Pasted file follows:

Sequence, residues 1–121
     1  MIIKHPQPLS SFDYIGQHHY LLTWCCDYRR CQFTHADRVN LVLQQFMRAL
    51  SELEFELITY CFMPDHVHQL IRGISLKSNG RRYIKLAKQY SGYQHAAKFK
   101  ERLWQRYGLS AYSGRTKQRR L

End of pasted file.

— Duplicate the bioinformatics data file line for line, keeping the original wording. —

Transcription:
Sequence, residues 1–121
     1  MIIKHPQPLS SFDYIGQHHY LLTWCCDYRR CQFTHADRVN LVLQQFMRAL
    51  SELEFELITY CFMPDHVHQL IRGISLKSNG RRYIKLAKQY SGYQHAAKFK
   101  ERLWQRYGLS AYSGRTKQRR L